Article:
top of page
  • Writer's pictureRabbi Amy Eilberg

Torah from a Mussar Perspective: Parashat Va'era

While studying the Torah portion and commentaries this week, one piece of Torah spoke directly to my heart.

At the beginning of Parashat Va’era, God reveals Godself to Moses with a new name, the four-letter, unpronounceable name of God, emphasizing the utter ineffability and unknowability of the Divine. Yet God proceeds to give an extended, majestic speech, recalling God’s covenant with the Patriarchs, proclaiming God’s concern for the Israelites’ suffering in Egypt, and predicting their liberation from bondage. God unfolds the five-fold promise: “I will free you from the suffering of Egypt,” “I will deliver you from bondage,” “I will redeem you,” “I will take you to be My people,” and “I will bring you to the Land that I promised” (Exodus 6: 6-7), which occupies such an important place in the Passover Haggadah.

It is a magnificent, riveting speech, filled with soul-stirring language for an exhausted and despondent people. One might have expected that the people would have responded with joy, exuberance, and renewed hope.

But the text immediately tells us, “Moses told this to the Israelites, and they did not listen, because of kotzer ru’ach (narrowness of spirit) and avodah kasha (severe bondage).[1] Why could the Israelites not hear and absorb God’s promising proclamation?

The commentators wrestle with the important expression, “kotzer ru’ach.” Rashi offers a physical explanation: “The spirit and the breath are short, and one cannot breathe deeply.” Ibn Ezra explains that “their spirit was narrowed because of long years of exile and severe oppression.” Ramban understands the term to mean that their souls were so contracted by misery, despondency, and fear of death at the hands of Pharoah that they could not hear and consider Moshe’s words. Sforno adds that the “shortness” or “narrowness” of spirit was an inability to absorb an apparently unlikely promise that they would soon be released from suffering.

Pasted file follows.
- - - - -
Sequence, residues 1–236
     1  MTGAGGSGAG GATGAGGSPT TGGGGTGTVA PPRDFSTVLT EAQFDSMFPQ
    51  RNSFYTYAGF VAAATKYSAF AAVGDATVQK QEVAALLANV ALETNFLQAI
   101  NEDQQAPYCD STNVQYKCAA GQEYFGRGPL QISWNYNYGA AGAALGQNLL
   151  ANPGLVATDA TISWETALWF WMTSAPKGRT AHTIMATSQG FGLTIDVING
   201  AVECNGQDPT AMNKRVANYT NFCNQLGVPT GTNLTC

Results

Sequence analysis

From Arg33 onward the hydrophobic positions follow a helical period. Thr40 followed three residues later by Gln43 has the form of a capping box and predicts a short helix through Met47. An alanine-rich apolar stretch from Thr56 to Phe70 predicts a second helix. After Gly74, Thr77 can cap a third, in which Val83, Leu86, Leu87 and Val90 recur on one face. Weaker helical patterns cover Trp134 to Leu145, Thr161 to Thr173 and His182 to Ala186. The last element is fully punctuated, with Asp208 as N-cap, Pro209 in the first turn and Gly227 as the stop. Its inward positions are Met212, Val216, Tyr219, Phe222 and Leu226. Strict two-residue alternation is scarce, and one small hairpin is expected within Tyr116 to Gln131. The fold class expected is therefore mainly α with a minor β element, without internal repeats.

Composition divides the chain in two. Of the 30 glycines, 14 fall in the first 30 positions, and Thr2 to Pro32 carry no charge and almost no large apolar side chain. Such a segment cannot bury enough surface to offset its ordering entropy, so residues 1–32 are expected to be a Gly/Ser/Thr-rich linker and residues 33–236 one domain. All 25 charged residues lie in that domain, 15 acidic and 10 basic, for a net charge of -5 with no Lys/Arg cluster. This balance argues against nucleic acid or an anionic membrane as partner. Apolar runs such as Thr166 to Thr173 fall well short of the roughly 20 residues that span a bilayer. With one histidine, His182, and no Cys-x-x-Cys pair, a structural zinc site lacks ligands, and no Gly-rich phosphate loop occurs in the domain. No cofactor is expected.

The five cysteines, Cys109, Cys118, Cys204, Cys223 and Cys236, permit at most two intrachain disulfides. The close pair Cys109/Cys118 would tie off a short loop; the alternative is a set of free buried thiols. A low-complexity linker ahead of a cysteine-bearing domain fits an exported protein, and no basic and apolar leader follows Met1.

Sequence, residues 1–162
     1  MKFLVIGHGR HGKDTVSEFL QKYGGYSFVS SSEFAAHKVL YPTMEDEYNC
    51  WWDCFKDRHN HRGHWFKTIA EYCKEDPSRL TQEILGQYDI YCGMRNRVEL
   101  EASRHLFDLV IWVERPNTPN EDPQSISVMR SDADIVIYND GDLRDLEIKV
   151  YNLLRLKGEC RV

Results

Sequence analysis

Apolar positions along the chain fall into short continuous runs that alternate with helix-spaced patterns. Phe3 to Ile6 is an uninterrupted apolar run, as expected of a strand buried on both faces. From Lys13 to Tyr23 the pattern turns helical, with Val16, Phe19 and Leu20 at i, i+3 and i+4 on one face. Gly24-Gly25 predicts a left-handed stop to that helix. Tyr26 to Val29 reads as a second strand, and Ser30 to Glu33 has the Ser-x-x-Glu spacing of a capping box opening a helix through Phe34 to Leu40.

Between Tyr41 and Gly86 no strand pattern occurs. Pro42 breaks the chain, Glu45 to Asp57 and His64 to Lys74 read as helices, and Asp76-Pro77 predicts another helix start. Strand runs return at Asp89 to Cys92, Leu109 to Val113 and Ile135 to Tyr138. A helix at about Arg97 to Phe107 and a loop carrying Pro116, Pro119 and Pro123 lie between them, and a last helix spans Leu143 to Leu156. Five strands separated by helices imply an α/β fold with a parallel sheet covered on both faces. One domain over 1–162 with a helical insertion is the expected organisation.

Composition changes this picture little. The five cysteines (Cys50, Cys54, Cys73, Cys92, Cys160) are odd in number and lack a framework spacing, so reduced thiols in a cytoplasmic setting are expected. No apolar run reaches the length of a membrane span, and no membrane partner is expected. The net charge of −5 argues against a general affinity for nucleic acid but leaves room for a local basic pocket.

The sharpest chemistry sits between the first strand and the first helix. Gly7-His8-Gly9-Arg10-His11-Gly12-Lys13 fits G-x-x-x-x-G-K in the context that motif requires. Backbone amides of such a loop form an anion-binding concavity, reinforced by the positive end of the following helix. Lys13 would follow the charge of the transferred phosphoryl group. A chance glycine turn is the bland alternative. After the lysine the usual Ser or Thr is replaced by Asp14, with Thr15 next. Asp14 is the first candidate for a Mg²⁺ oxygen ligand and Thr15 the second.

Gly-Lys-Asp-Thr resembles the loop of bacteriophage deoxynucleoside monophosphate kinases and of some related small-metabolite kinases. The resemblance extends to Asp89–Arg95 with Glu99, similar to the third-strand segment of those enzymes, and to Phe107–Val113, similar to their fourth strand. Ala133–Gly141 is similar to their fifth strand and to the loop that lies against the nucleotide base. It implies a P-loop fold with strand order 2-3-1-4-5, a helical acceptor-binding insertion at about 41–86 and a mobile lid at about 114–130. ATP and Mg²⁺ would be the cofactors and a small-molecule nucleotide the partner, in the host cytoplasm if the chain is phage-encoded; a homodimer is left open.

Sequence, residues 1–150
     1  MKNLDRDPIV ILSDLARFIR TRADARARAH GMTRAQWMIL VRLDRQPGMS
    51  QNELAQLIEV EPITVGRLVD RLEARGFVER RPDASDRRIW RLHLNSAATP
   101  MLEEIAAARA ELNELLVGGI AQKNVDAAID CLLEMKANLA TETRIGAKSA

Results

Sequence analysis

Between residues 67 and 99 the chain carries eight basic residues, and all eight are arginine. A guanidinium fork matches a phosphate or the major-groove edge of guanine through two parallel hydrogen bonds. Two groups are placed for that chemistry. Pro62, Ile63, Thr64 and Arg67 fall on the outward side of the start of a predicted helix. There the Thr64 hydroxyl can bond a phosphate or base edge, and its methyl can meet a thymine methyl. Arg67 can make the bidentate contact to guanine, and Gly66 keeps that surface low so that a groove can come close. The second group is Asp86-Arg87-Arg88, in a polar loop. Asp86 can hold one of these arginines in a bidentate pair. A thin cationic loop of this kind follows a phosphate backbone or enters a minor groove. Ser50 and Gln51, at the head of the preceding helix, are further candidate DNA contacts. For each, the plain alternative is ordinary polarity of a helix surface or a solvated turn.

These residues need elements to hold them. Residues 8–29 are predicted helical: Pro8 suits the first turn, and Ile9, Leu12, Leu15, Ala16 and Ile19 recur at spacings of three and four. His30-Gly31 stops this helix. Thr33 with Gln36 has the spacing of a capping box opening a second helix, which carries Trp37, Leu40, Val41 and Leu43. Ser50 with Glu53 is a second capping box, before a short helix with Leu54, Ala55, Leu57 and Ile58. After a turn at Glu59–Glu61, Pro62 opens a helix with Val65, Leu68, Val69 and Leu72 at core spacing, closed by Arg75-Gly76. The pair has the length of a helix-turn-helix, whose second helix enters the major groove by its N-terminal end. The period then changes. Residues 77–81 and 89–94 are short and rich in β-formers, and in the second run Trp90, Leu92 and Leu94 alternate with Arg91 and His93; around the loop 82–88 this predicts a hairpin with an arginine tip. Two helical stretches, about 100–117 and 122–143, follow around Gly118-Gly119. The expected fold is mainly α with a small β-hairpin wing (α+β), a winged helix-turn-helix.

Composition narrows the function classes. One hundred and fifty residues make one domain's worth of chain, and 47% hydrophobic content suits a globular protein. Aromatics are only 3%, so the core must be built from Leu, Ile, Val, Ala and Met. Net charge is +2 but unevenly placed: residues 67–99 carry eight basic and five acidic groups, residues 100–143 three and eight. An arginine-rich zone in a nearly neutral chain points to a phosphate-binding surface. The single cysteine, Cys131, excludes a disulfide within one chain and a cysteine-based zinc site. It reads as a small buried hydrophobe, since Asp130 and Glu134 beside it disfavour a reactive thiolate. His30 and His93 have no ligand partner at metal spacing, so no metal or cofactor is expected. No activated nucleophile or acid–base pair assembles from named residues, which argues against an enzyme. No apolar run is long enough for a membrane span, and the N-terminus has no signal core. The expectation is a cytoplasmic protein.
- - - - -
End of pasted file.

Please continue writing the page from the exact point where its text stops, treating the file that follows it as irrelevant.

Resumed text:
Rabbi Simcha Zissel Broida, the beloved “Alter of Kelm” (1824-1898), dives deeply into the words of the Ramban and the verse itself, saying, “because of their distress and suffering, they could not listen, and so it was as if they had not heard” his words. A person in such a state “cannot set their suffering aside in order to pay attention, and so it was as if they could not hear.” (Beit Kelm, vol. 2, p. 91)

I am sad to say that this description of an anxious mind state is deeply familiar to me. That is why this piece of Torah jumped off the page and spoke to my heart.

Our text eloquently describes the constriction and suffering of the slaves, burdened with inhuman oppression, and hopelessness born of 400 years of bondage. Yet many of us — even those of us with economic privilege and social freedom, who materially have everything we need and more — suffer with anxiety as a regular companion.

I recognize the subtle descriptions in the various commentaries: the physical inability to breathe deeply, the fear so self-evident that it is impossible to interrogate it, and the inability to hear and see beyond the reality of suffering. Even in my privileged life, I know such moments, when all I can attend to is the physical impact of time pressure, the fear that I won’t get it all done, or that I won’t be good enough. In such moments, I cannot step out of the experience of contraction and anxiety to see the bright blue sky of a life filled with gifts and miracles. All I can sense is what I do not have, and all manner of bad things that seem likely to happen.